Written while Robert Görl was lying low in late ’80s Paris, avoiding military service in the Bundeswehr, ‘The Paris Tapes’ is a collection of 9 track that catalogue his musical explorations post Deutsche Amerikanische Freundschaft (DAF releasing their last album in 1986). When reviewing albums in this context, it is of the upmost importance to detatch yourself from the work they did prior to the release – as to not remain biased. DAF had an unprecedented influence on the dance music that came after them, albums like ‘Alles Ist Gut’ and ‘Gold Und Liebe’ undoubtedly created EBM and were a massive influence on techno – but we have to ignore this unmatchable legacy here, and just look at these discarded sketches.
The fetishised idea of the reissued “lost classic” has become unavoidable since the advent of the Internet, and while the fetishisation of this stuff is warranted when the music is actually good, it all too often isn’t. Luckily, the music here is actually of worth. Sounding more like Patrick Cowely’s homo-erotic lo-fi disco tracks than anything DAF ever did, ‘The Paris Tapes’ was for Görl an exploration into making music more melodious. A popular criticism of DAF in the ’80s was that it was “just rhythm”, and while Görl and his partner Gabi Delgado-Lopéz did rebel against this, it is clear this was playing on Görl’s mind.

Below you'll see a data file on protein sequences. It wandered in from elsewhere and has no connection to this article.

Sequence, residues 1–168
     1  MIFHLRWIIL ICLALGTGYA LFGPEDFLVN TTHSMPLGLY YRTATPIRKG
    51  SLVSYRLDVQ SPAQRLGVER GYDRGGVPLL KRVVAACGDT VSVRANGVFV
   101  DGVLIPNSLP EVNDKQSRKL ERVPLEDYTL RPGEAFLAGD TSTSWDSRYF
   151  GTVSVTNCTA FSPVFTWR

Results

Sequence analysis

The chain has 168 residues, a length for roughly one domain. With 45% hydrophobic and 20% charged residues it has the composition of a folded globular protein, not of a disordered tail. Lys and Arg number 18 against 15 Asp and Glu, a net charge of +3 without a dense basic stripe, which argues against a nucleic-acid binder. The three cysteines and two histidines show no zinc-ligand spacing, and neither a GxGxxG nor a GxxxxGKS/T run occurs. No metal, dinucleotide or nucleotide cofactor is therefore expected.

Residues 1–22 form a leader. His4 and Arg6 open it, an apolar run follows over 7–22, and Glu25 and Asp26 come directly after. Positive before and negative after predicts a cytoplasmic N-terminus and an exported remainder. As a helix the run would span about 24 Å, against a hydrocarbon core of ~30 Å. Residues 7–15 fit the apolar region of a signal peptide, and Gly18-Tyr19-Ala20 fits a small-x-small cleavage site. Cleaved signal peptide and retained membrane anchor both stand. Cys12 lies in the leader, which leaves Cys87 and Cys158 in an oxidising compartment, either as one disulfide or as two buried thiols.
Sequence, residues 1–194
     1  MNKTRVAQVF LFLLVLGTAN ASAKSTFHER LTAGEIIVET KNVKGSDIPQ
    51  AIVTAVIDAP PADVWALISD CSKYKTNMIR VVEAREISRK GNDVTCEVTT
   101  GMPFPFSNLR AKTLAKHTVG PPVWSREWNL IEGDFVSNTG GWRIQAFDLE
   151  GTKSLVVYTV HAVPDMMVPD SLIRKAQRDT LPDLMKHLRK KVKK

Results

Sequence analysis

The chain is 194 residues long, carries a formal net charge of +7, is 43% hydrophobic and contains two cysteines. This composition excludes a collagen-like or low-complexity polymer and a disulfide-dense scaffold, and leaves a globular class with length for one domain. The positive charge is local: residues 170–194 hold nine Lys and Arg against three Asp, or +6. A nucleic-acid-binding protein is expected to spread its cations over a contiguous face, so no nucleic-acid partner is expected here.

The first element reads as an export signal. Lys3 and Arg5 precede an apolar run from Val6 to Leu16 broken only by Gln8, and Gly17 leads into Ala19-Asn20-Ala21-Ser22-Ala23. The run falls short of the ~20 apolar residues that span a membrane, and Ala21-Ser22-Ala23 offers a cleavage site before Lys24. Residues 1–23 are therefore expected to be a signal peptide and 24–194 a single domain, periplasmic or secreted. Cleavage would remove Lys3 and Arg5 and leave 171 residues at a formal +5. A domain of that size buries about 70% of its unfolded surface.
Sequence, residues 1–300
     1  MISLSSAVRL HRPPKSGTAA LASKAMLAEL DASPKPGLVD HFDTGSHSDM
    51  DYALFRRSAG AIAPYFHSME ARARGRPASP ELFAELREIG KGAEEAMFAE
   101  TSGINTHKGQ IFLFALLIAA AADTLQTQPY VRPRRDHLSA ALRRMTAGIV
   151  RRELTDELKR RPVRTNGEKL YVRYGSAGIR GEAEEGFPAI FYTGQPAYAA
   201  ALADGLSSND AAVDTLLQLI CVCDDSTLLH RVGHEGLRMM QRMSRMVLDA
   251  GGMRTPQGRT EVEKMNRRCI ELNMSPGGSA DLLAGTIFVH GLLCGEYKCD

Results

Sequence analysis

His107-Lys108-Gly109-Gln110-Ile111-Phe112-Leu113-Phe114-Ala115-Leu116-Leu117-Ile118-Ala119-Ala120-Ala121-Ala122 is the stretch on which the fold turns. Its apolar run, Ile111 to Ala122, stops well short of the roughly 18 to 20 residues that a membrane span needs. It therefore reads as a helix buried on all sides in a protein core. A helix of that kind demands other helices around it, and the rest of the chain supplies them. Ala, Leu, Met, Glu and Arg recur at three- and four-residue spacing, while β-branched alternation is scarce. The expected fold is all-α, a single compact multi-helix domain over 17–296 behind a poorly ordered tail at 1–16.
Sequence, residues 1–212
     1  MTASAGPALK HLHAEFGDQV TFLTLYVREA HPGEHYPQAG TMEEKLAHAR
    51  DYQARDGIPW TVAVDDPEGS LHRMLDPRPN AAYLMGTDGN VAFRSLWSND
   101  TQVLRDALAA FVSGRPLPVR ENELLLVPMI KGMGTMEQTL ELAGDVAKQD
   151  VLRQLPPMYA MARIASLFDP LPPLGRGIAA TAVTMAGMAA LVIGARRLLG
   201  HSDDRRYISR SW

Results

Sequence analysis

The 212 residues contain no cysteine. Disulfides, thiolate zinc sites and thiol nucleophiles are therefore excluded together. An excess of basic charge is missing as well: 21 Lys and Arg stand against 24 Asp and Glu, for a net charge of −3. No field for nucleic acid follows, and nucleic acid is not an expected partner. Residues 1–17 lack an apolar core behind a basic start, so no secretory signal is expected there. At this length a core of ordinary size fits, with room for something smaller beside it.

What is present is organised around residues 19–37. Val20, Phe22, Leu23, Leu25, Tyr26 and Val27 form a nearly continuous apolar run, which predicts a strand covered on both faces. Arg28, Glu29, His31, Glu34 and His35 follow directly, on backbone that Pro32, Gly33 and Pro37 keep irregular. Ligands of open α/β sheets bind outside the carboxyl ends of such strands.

It’s satisfying in a creaky way, but this is also its downfall. They are demo tapes – these tracks were never meant to be heard. Perhaps it’s even unfair to criticise them, in that sense, but it is undeniable that these tracks would be far stronger with better production and Gabi singing over them.